OHIO FMLA LAW: SERIOUS MEDICAL CONDITIONS
August 4, 2016 |
Posted in: Disability
Our Columbus FMLA lawyers can help you determine if you are eligible for FMLA leave in Ohio. If you are wondering if you are eligible for FMLA in Ohio, click here – FMLA.
Our Columbus Employment Lawyers will now address what is considered a “serious medical condition” under the FMLA.
The Department of Labor says, “serious health condition” under the FMLA means an illness, injury, impairment, or physical or mental condition that involves:
- any period of incapacity or treatment connected with inpatient care (i.e., an overnight stay) in a hospital, hospice, or residential medical care facility; or
- a period of incapacity requiring absence of more than three calendar days from work, school, or other regular daily activities that also involves continuing treatment by (or under the supervision of) a health care provider; or
- any period of incapacity due to pregnancy, or for prenatal care; or
- any period of incapacity (or treatment therefore) due to a chronic serious health condition (e.g., asthma, diabetes, epilepsy, etc.); or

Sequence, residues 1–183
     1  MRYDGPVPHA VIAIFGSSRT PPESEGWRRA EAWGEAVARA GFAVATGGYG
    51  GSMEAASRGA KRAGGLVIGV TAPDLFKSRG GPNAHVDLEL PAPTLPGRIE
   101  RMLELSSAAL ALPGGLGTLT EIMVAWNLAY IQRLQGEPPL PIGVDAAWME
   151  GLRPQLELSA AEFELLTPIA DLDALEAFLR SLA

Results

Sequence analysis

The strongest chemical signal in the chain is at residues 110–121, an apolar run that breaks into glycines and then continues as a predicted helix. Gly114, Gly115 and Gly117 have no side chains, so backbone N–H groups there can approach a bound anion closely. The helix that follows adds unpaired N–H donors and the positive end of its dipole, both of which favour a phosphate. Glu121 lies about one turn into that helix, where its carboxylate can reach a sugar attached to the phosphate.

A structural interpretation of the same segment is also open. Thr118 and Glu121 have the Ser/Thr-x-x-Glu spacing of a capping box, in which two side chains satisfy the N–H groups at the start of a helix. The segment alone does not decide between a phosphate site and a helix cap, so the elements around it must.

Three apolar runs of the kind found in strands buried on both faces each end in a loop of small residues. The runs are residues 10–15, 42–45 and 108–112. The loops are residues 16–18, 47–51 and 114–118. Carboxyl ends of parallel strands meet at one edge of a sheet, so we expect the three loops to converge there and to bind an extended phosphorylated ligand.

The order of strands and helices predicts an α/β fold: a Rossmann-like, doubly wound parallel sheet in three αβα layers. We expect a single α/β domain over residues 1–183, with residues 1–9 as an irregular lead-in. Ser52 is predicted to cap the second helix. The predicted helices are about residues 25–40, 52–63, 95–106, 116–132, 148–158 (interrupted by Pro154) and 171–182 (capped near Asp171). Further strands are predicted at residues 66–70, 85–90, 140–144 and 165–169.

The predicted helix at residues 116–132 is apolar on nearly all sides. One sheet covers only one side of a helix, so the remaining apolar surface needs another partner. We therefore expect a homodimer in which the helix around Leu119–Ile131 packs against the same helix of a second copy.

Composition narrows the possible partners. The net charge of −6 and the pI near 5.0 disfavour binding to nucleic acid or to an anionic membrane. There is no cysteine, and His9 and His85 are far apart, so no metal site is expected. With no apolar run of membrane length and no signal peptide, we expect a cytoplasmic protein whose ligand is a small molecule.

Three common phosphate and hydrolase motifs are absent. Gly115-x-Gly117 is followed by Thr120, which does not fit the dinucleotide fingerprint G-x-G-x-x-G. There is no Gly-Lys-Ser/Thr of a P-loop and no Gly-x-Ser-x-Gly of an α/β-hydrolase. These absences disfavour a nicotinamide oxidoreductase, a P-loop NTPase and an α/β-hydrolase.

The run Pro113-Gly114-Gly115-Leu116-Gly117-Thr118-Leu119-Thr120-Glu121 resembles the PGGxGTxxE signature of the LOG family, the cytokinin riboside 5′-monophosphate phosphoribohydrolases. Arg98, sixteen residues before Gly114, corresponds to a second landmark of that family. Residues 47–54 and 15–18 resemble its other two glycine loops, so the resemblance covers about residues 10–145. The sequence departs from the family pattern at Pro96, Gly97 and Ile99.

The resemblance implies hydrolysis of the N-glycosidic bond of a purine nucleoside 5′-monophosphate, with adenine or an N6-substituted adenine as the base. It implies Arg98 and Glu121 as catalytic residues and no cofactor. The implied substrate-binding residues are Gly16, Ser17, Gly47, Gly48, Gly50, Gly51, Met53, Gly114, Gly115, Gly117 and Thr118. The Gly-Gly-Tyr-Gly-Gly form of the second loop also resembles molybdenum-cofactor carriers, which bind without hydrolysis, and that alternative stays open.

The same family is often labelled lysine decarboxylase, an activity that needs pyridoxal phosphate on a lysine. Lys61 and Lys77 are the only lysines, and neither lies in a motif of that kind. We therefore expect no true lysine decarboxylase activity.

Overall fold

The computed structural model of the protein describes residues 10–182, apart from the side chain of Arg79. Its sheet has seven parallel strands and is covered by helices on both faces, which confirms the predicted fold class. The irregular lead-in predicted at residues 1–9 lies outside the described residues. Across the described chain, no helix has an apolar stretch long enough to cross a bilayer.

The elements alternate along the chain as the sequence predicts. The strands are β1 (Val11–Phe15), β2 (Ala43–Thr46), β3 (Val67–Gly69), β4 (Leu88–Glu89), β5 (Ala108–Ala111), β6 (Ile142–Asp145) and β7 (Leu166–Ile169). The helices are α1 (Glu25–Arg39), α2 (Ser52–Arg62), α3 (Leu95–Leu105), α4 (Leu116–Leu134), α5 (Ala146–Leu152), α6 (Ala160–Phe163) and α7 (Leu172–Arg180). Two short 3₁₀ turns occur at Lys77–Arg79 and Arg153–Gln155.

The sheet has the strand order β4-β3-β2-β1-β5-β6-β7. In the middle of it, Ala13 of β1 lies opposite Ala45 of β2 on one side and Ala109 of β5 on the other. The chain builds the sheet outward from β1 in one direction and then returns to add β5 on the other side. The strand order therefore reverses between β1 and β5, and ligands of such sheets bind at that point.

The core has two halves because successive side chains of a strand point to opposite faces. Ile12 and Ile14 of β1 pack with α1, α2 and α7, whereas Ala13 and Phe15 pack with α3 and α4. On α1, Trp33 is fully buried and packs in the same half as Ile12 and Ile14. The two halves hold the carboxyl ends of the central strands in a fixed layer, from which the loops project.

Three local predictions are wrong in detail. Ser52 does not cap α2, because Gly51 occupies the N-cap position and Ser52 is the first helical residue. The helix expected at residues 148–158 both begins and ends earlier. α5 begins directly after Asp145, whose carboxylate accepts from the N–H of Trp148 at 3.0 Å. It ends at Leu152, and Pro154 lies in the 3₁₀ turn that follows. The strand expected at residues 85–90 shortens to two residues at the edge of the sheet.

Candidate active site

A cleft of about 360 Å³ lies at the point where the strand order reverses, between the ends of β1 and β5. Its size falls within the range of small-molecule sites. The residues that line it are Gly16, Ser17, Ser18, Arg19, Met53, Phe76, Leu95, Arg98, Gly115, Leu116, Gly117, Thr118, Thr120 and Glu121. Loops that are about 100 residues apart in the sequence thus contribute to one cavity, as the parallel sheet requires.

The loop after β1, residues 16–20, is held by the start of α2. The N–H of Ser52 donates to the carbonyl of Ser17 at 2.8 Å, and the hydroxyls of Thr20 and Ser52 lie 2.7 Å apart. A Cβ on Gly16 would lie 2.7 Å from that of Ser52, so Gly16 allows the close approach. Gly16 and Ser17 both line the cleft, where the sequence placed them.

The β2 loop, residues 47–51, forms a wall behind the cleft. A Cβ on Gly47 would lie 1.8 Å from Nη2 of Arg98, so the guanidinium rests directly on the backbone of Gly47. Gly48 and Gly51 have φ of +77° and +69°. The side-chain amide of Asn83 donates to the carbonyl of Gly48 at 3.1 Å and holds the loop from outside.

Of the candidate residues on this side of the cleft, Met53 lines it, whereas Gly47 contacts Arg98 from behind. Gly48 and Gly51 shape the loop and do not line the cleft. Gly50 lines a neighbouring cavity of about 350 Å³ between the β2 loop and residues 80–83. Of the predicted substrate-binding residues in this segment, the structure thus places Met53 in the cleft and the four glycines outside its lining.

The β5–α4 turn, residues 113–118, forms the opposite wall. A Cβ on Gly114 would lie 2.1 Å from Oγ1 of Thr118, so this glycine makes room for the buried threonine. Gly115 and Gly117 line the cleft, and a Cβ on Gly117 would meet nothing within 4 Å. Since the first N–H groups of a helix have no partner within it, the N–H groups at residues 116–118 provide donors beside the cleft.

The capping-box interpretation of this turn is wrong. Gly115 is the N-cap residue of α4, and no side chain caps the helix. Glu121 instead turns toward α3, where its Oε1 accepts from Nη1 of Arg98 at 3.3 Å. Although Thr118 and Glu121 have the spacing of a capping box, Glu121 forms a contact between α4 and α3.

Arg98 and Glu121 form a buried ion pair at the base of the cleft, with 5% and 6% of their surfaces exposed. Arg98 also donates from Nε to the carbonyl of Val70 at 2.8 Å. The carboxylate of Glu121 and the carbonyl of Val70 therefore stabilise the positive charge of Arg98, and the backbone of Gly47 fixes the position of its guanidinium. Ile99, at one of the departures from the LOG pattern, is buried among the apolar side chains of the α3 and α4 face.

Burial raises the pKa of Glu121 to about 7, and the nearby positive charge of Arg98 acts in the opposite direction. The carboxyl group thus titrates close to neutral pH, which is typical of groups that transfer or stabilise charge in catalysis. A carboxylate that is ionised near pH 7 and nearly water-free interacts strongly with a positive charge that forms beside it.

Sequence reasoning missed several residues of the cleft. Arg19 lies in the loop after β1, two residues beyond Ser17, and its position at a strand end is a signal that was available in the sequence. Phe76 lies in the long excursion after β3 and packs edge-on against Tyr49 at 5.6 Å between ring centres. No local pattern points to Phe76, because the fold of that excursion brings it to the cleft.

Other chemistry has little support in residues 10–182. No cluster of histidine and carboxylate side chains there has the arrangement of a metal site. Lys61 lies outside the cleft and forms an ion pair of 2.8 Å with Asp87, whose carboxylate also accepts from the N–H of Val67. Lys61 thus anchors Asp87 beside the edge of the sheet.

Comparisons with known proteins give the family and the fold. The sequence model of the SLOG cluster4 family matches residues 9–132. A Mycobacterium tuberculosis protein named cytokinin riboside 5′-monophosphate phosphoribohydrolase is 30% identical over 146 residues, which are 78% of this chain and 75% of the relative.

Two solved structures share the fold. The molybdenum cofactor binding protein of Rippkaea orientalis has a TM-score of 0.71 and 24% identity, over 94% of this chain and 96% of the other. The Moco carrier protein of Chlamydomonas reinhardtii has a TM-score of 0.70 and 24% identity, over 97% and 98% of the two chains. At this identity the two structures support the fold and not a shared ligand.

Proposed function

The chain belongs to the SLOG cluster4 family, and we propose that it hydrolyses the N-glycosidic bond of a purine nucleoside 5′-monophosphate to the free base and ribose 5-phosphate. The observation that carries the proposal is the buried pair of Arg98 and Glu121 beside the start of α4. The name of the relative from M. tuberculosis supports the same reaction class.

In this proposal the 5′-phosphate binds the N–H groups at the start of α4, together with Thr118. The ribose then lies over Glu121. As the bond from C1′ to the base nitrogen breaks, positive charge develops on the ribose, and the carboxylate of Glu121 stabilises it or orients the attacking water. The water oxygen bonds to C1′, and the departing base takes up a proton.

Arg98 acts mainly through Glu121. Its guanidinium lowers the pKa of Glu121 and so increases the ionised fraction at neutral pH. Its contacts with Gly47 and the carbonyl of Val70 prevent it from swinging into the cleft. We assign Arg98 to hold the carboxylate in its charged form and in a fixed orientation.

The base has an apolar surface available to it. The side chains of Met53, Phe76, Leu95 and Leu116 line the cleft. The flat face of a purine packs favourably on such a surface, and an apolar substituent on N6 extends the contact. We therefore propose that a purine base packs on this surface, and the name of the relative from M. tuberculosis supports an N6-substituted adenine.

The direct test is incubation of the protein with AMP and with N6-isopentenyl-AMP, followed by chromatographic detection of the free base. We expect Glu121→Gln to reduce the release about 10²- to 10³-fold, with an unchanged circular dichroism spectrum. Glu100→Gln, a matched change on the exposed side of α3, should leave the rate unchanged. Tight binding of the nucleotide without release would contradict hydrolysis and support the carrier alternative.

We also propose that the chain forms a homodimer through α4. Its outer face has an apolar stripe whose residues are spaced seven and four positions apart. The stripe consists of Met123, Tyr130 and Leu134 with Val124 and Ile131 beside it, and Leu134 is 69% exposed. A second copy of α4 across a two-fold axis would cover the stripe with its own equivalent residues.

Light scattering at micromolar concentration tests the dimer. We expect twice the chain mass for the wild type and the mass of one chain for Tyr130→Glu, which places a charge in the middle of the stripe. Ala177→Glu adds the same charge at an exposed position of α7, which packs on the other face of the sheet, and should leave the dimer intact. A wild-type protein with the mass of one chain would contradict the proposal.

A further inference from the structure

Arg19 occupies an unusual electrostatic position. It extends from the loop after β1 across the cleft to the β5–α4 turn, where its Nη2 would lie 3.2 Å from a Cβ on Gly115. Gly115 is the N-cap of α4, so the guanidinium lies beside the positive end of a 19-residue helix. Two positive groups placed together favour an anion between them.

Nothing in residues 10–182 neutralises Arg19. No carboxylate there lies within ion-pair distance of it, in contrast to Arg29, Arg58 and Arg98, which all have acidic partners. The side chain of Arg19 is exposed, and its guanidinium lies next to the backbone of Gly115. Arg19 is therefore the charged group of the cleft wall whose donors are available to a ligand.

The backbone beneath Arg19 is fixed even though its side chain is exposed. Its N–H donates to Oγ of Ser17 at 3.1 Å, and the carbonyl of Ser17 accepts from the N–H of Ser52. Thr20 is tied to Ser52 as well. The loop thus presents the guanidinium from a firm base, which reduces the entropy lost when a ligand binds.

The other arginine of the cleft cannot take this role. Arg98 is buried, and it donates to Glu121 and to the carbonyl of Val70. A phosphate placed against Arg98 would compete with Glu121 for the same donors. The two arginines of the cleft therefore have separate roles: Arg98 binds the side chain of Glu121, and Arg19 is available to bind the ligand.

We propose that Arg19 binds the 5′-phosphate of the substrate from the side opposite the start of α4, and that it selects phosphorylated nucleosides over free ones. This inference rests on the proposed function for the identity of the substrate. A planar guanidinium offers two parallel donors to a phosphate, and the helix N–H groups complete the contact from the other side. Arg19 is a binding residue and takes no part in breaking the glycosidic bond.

- a period of incapacity that is permanent or long-term due to a condition for which treatment may not be effective (e.g., Alzheimer’s, stroke, terminal diseases, etc.); or,
- any absences to receive multiple treatments (including any period of recovery therefrom) by, or on referral by, a health care provider for a condition that likely would result in incapacity of more than three consecutive days if left untreated (e.g., chemotherapy, physical therapy, dialysis, etc.).
Employees may take FMLA leave for themselves or to care for their parent, spouse, son or daughter whose medical condition meets the above criteria. The FMLA regulations specifically exclude the following conditions, unless inpatient care or complications develop that would meet the above criteria:
- cosmetic treatments
- common colds, flu and ear aches
- upset stomach, minor ulcers, headaches other than migraine,
- routine dental or orthodontia problems, and periodontal disease
These are just some examples and this list is non-exhaustive. You can also receive FMLA leave for intermittent serious health conditions, that cause flare-ups or when treatment is necessary on a periodic basis, rather than a long period of time. For a discussion on intermittent and continuous FMLA leave, you can read our blog post on that exact issue.
If you unsure as to whether or not you or someone in your immediate family has a serious medical condition covered by the FMLA, we can answer your questions. Contact one of our Dayton employment lawyers today.